Raynaud's Phenomenon

Raynaud’s Phenomenon (Raynaud’s, or RP) is a condition where very small blood vessels go into spasm or “clamp down” in response to cold temperatures.

Raynaud’s reduces blood flow to the extremities, usually the fingers and toes, causing them to turn white and feel cold. When they warm back up, the skin usually turns another colour such as blue or red before returning to normal.

Causes of Attacks

Attacks of Raynaud’s are usually caused by exposure to cold temperatures and can last anywhere from a few minutes to a few hours or longer. Other things that can trigger attacks include emotional stress, trauma (injury), hormonal changes, and smoking.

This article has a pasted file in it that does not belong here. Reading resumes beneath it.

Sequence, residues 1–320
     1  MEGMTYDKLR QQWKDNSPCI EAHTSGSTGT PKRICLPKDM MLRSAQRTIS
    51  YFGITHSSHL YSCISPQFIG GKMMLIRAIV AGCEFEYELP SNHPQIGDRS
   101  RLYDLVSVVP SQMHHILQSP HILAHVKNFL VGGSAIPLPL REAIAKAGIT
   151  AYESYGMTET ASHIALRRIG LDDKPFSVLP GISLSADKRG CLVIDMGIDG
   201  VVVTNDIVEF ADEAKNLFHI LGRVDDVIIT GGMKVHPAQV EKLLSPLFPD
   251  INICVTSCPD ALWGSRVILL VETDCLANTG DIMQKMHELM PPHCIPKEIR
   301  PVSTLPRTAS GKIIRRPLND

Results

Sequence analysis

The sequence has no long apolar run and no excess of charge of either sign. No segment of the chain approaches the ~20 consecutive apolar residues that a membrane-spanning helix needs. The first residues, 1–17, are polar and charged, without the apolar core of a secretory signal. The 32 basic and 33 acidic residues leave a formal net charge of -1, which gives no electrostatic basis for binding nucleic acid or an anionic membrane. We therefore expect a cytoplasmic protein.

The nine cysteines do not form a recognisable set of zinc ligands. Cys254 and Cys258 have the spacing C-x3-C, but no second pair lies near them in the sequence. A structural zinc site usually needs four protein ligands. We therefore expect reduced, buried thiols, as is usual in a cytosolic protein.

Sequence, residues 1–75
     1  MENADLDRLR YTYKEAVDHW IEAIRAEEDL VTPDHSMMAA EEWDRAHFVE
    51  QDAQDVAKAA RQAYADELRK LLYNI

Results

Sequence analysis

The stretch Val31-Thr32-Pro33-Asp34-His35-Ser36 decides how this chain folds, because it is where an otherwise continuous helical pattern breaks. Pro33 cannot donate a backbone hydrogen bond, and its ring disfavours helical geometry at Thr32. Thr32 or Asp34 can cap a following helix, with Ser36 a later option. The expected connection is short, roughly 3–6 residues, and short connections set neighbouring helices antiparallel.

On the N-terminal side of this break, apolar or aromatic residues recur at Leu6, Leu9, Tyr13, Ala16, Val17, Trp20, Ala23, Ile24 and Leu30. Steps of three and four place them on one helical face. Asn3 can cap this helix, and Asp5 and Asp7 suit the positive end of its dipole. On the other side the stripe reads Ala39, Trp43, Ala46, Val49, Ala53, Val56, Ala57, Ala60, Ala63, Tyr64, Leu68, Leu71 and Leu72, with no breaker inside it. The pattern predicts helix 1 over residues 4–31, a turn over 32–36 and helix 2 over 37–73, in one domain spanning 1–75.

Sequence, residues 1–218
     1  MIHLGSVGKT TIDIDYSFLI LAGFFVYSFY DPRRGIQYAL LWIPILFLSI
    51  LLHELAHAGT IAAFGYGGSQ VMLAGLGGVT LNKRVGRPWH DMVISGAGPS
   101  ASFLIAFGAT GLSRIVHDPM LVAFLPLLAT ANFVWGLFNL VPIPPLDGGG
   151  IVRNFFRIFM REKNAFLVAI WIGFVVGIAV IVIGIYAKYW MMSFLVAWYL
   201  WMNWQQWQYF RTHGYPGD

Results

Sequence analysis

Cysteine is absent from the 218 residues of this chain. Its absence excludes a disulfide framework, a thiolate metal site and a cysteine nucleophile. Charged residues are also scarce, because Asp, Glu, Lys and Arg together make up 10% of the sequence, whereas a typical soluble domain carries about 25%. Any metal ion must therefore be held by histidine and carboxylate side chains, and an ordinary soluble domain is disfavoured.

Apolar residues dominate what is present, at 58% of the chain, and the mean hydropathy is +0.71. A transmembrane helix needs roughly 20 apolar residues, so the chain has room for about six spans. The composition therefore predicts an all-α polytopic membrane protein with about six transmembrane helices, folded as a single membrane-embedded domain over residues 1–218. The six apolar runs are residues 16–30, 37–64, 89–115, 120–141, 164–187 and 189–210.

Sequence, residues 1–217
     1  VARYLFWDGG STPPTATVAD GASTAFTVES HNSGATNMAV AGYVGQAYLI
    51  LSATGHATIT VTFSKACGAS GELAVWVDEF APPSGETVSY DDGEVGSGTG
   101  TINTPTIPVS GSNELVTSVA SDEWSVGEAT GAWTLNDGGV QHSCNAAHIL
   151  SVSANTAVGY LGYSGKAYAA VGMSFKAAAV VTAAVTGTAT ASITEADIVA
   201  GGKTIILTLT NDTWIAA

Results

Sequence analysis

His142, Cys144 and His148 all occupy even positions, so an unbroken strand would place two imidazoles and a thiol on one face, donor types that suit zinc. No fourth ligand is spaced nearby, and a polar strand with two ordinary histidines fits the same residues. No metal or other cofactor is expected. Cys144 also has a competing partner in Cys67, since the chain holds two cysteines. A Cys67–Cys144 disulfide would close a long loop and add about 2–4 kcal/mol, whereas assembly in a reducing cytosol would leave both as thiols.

People have a higher risk of developing Raynaud’s if they have had a previous injury to the extremities like frostbite or surgery, as well as those with a history of repetitive actions or vibrations, such as using a jackhammer, drills, typing, or playing the piano.

Primary and Secondary Types

There are two basic types of Raynaud’s: primary and secondary.

Effect on Pregnancy

Pregnancy can be more complicated for women with Raynaud’s and an underlying autoimmune disease. Depending on the specific disease or syndrome, these women may be at risk of multiple miscarriages.

Raynaud’s can rarely affect a woman’s ability to breastfeed in cases where the nipple area is affected.

Understanding Raynaud’s Phenomenon


Raynaud's Phenomenon Quick Reference Guide